It’s officially squash season and I am lovin’ it—I hardly miss summer. There are so many varieties, but one of my favorites is delicata squash. Unlike some other squashes, delicata cooks up quickly and it’s (relatively) easy to cut through, so a much more manageable squash to handle. Basically, perfect for frying! Okay, a few notes about this batter. It has vodka and beer—unfortunately, they won’t get you buzzed, but that carbonation and vodka, which evaporates quickly when it hits the oil, are the key for that ultra-light, crisp batter that practically shatters when you bite into it. Ugh, you know what I’m talking about! Top these delicata squash rings with fried fall herbs like sage or rosemary and a little flake sea salt and dip them in whatever you please. A garlic aioli would be over the top decadent, but I love them with just a little hot sauce. Please, please, please make these!
I know what you’re thinking: why would I go through the trouble of making these seemingly tediously-thin grissini breadsticks when I can buy them. I won’t lie, these take more time and effort than buying a box of these at the market. That being said, the recipe is a straightforward dough and rolling out these breadsticks is actually easy (there’s even a gif in this post to show you how easy it is!) and these taste INFINITELY BETTER than store-bought. Store-bought grissini breadsticks are thin and crunchy but are completely dry. True grissini should be mostly crispy and crunchy on the outside with just the slightest bit of chew on the inside with that great yeasty bread flavor that you don’t get with the store-bought variety. Also, making these at home means you can customize these with any flavor. I’ve teamed up with McCormick to use their herb grinders and flavored these with Italian Herb Seasoning, which works perfectly here since you want a small grind so the spices stick to the grissini better. McCormick’s herb grinders give closer-to-fresh flavor and aroma to liven up this homemade appetizer. You could season these with dried rosemary, sesame seeds, poppy seeds, parmesan cheese . . . anything! These taste so amazing simply dipped in some good extra virgin olive oil, balsamic vinegar and flake sea salt. Alright, I hope I’ve made my case to you for making these at home– you’ll love them!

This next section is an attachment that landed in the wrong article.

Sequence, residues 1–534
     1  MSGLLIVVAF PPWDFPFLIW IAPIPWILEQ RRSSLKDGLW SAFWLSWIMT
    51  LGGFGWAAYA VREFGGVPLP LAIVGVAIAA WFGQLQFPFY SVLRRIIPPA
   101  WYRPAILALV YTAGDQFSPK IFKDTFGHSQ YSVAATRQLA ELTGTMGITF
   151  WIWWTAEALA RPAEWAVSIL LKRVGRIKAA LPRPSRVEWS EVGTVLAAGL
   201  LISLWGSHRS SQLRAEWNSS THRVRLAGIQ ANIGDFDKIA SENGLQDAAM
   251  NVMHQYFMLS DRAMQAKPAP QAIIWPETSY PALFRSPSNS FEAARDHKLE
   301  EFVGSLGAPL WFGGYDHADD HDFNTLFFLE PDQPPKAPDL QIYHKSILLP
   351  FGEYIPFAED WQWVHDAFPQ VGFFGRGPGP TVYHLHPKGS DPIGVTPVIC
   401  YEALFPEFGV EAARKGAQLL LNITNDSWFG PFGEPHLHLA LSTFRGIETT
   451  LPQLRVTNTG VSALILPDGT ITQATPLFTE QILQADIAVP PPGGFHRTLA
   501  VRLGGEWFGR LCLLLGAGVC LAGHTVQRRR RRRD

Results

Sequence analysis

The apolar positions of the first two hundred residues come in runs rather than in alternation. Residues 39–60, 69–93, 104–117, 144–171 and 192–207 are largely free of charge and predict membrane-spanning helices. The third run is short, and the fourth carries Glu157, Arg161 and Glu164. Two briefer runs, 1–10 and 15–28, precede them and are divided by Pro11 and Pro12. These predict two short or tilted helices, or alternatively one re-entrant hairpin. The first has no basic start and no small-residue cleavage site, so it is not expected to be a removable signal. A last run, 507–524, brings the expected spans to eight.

If you’ve been following the blog for a while, you probably know that my wife, Audrey, is the mastermind behind most of the food recipes I shoot/post – especially the baked goods (she’s always posting sneak peaks of recipe testing). I shake the cocktails, she bakes the sweets. It’s a nice little arrangement we have between the two of us. In addition to several margarita cakes, Audrey has also started baking her own pain au levain (lucky me)! Needless to say, our oven has been working overtime these past few weeks. So when Sarah had the idea of collaborating on a duo of lettuce wraps, the timing couldn’t have been more perfect. I wouldn’t exactly call this a simple recipe, as there’s quite a bit of prep involved to make the marinade and the sauce. However, most of the components can be prepared in advance. So, if you’re looking for a quick, healthy meal, and you have some time to get started the night before, you will definitely want to give these lettuce wraps a try. Don’t forget to check out Sarah’s Ginger Lemongrass Pork Lettuce Wraps (also pictured), as well as the fun stop-motion of Sarah assembling the wraps down below.